A Word from Your BCC Team: You’re reading Part 1 of a two-part BCC Grace & Truth blog miniseries on Resting in Jesus.
Martha’s Misguided Priorities (and Ours)
“Martha, Martha”—what thoughts come to mind when you hear those words?
For many, what comes to mind is Christ’s response to the woman busily trying to show hospitality and get dinner ready for Christ and His disciples while they were in her home (Luke 10:38–42). Hospitality is a good thing. So much so that believers are commanded to practice hospitality several times in the New Testament (Romans 12:13; Hebrews 13:2; 1 Peter 4:9; 3 John 1:8).
Yet good things can sometimes take on a life of their own. When this happens we will be worried and distracted. We won’t be at rest. Martha had gotten caught in this trap. Christ gently pointed out that her sister Mary had chosen what was better. Mary sat listening at Christ’s feet. She was not worried and distracted. She was at rest.
Mary had been able to separate higher priorities from lower priorities on this occasion. But to Martha, getting dinner on the table was the top priority. As a result, she asked the Lord to intervene and get her some help. She went to the Creator of everything as she was trying to prepare and asked Him to make her sister help her.
It doesn’t make much sense, does it? If you were going to ask the Creator to do something, why not just ask Him to provide the meal so you could sit at His feet and listen?
Good, Better, and Rest for the Soul
It is likely that Martha missed this reality because she had misplaced priorities. It wasn’t as if Martha was doing something bad; the problem was that there was something better to do and Martha wasn’t doing it. Learning to distinguish good from better, and better from best, is a skill that requires wisdom.
For Martha, learning from Jesus should have been a higher priority than her meal prep. Again, big elaborate meals are not wrong; God Himself has plans to prepare a big elaborate meal for His people (Isaiah 25:6). However, we must learn not to sacrifice what is best and settle for only what is good.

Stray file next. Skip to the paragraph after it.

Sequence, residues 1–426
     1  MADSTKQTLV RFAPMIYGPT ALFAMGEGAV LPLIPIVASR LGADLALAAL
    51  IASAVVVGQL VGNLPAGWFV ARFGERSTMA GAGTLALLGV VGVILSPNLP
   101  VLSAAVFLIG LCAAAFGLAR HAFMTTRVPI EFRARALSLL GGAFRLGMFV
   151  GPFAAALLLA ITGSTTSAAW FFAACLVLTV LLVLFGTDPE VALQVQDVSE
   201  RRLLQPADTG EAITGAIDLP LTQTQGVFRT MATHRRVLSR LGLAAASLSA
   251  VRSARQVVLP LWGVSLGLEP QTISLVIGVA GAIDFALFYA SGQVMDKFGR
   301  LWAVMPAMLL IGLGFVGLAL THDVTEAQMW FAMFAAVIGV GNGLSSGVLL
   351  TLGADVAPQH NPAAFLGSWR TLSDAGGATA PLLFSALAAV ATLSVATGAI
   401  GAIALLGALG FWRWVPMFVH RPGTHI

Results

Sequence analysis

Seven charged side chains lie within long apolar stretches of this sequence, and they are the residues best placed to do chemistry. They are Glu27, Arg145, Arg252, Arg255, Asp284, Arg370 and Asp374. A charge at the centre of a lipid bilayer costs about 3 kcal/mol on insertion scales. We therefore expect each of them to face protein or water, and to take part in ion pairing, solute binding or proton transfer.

If we don’t grow in this skill, we will, like Martha, be distracted and upset and not at rest. If you are not sure how to prioritize your responsibilities and opportunities, seek out wise counsel. Your soul will never be at rest with misplaced priorities.
What we desire and want can also sabotage rest for the soul. Desires for the approval of others, for jobs well done, and for a good reputation are spoken of positively in Scripture (Romans 14:18; Colossians 3:23; Proverbs 22:1; 1 Timothy 3:7). They are also all spoken of as having little worth in Scripture (Galatians 1:10; Luke 10:38–42; Philippians 3:3-11).
What distinguishes these desires and makes them either good or cheap? I think we find the determining factor in 1 Corinthians 10:31: whatever we do, we are to do it for the glory of the Lord. Whenever this is not the case we are dealing with rogue desires. Desires that have stepped out of their proper bounds and have become objects of worship. When rogue desires take over we look to them for life rather than to God.
“Find rest, O my soul, in God alone” (Psalm 62:5). Not in prestige, not in a job well done, not in the approval of others. There is no rest for the soul apart from God and God alone—the self-existent One, the Creator, the Savior, the Giver of every good gift, the Lover of your soul, the One who is worthy, the Lamb slain for you, the One who lavishes you with love, the One who can’t wait to show you the riches of His grace, the One who gives strength to the weary, and the One who makes His creatures lie down in green pastures. “A heart at peace gives life to the body” (Proverbs 14:30).
The Rest of the Story about Rest
Join us in Part 2, as we learn that our souls need rest, and they find that rest in Jesus. But we need more than rest for our souls. We need real, regular rest for our bodies—and that rest includes rest in the midst of labor and rest from labor.
Join the Conversation
Do you have desires that have “gone rogue”? In what ways is Jesus calling you away from the “good” to the “better”?